How Does the Dark Web Work?
It's totally anonymous, and has its own applications. So, how does the Dark Web Work?
The Dark Web is now a famous corner of the internet that worries police, parents, and corporations alike. Though it's gained notoriety as the birthplace of Bitcoin and the area of origin for a number of insane horror stories, not many people really know much about the Dark Web.
For most of us, the mechanics behind the Dark Web is sketchy at best. Even those who have visited the Dark Web ask, "How does the Dark Web work?"
If you're not in the know, you might as well get a crash course in the way that the Dark Web works. After all, it's pretty interesting stuff.
How does the Dark Web work differently from other parts of the net?
In order to understand how the Dark Web works, you need to understand a couple of things about its access points and how it's different from other networks.
First off, it's important to understand that the Dark Web isn't the same as the deep web. The deep web is just the portion of the web that Google and other search engines haven't categorized or made searchable.
The Dark Web is actually a very small, private section of the deep web. It's not only uncategorized by Google; it's also a private-access section of the net.
Here's how the Dark Web functions differently from deep web sites...
The Dark Web is a portion of the internet that can only be accessed using certain platforms or certain passwords. It's not meant to be public, per se. It's not cataloged like a regular site on a search engine; it's "dark."
The entirety of the Dark Web is literally an encrypted part of the internet — so that means there's no way to sidestep the need for specific software or passwords if you want to access it. If you want to unlock the encryption, you will need to use the right access tools.
Generally speaking, when people talk about private networks that aren't accessible via normal means, they call them darknets. However, for the sake of this article, the Dark Web will really only refer to the largest darknet of them all — the one accessed via Tor.
Tor is a set of internet security tools that were bundled up and added to a customized version of Mozilla Firefox. As of right now, it's the most popular software that features Onion encryption use, but there are many more alternatives you can check out, too.
The Onion Router uses Onion encryption to help people avoid being traced by their online activities. This is a hint as to why the URL of every Dark Web site you've probably heard of ends in ".onion."
How does the Dark Web work with Onion encryption?
As you might already know, most Dark Web sites that have made the news end in an onion address. The name "onion" here really does make a huge allusion to how the Dark Web works. Every packet of information is sent via layers of encryption and protective coding — much like how onions have protective layers, too.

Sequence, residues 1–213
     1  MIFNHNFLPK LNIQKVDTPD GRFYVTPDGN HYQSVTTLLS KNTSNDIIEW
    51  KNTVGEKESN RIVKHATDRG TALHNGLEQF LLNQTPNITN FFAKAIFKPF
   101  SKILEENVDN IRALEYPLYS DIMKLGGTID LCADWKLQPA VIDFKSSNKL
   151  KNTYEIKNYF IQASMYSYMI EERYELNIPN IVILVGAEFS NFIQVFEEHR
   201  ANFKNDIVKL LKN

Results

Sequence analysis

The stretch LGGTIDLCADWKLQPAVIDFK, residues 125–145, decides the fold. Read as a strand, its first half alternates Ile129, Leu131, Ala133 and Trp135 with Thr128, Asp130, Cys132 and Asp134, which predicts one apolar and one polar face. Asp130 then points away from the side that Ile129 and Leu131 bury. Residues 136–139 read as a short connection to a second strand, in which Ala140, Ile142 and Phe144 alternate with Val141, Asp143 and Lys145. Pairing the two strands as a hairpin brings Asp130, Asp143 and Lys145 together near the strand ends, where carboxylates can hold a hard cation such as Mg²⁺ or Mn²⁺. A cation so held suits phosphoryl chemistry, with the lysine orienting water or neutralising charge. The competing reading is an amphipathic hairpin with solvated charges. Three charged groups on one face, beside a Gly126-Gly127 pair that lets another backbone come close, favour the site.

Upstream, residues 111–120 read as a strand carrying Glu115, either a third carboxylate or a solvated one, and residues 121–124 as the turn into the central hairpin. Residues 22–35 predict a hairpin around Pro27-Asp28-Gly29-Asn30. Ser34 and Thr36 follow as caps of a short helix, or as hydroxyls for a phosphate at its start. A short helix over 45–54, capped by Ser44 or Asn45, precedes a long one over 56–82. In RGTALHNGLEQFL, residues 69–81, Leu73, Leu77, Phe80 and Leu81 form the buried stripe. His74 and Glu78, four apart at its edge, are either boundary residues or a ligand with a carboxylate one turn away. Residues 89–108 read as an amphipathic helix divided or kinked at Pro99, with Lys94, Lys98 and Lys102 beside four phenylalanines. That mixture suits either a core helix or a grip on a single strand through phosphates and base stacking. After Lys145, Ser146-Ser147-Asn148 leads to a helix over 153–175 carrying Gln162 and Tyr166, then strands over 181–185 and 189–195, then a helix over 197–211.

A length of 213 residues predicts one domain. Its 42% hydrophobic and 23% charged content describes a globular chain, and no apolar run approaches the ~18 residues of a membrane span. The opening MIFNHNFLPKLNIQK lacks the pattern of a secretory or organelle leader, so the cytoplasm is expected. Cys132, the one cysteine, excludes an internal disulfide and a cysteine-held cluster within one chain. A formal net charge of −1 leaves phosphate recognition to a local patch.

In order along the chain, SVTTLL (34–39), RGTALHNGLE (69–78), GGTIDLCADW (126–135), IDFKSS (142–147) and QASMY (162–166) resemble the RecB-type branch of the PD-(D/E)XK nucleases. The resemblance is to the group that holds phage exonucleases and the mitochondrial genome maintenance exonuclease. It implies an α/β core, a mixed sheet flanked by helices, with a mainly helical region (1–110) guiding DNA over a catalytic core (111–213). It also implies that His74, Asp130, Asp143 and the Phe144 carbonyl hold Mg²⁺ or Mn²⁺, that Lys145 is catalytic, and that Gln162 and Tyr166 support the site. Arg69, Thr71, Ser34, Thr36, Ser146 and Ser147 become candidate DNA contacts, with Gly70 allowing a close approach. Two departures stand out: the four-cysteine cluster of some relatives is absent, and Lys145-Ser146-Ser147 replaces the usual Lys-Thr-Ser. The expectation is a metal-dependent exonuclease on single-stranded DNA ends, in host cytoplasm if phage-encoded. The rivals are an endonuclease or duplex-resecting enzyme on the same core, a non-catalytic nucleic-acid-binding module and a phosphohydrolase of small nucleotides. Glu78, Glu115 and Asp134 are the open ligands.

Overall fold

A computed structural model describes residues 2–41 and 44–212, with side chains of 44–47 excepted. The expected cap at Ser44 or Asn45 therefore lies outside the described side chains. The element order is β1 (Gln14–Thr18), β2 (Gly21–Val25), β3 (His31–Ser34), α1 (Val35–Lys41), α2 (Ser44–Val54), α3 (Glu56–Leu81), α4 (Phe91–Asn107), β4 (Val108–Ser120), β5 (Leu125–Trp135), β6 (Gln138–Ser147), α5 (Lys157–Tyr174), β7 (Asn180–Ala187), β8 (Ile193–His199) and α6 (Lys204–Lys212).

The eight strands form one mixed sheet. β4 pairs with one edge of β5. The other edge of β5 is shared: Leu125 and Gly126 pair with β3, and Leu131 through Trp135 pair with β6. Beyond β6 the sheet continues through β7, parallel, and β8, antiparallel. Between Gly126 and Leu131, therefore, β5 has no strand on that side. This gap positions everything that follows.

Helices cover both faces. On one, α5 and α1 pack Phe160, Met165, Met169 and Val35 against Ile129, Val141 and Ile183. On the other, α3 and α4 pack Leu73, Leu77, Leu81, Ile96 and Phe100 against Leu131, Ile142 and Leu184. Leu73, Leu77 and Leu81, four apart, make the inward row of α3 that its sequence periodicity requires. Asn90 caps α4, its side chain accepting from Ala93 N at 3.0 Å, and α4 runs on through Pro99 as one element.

Tor works by encrypting all the user's identification and then passing the user's IP address through Tor nodes. This sends all the information through randomized relays that only reveal small portions of information at every time. As a result, tracing it is fairly difficult.
This is called Onion encryption, and every layer makes it harder to track down something identifying about the person's identity. For the most part, Onion encryption is considered to be untraceable.
However, it is possible to de-anonymize users by finding weaknesses in the broswer that Tor is attached to. Tracking down website owners and site users has happened in the past — and as darknet stuff continues to grow in popularity, it will continue to happen.
This is very fascinating, considering how often raids due to the Dark Web get featured on the news.
How does the Dark Web work to keep things untraceable with all the law enforcement scrutiny it receives?
The funny thing about the Dark Web most people don't realize is that it's actually funded by the United States government. Up until the late 2000s, it was a military network.
The reason why it's so hard to trace is because it was designed by top military scientists to be an untraceable way to send information via the internet. Unfortunately for law enforcement, it was way too well-designed to trace criminals, too.
Oddly enough, neither Tor nor any "darknet" servers really work with law enforcement, per se.
However, US government officials and law enforcement groups have set up "honeypot" sites that catch criminal interactions in hopes of actually being able to unmask who's behind the computer screen, such as those behind Silk Road. This is how pedophile rings and red room owners have been caught in the past.
Additionally, other online groups are working to try to help remove the masks behind the criminals as well — many of those groups being online vigilantes.
So, how does the Dark Web work for its users?
This can be a tough question to ask. Overall, it seems to work well for its users — just not how you'd expect it to work.
Believe it or not, the vast majority of people who use Tor aren't actually cyber criminals or intrepid explorers. Of the 2 million people who use Tor, the vast majority of them use it for daily browsing on mainstream sites. Why? Because they like privacy.
That being said, the Dark Web is way smaller than you think. Unlike the deep web, which is just uncatalogued websites, the Dark Web is actually just a small corner of "off-web" websites. Experts estimate it to be only 30,000 sites in total.
So, it works as a private web browsing software, with an added perk of extra sites. How you use it is totally up to you.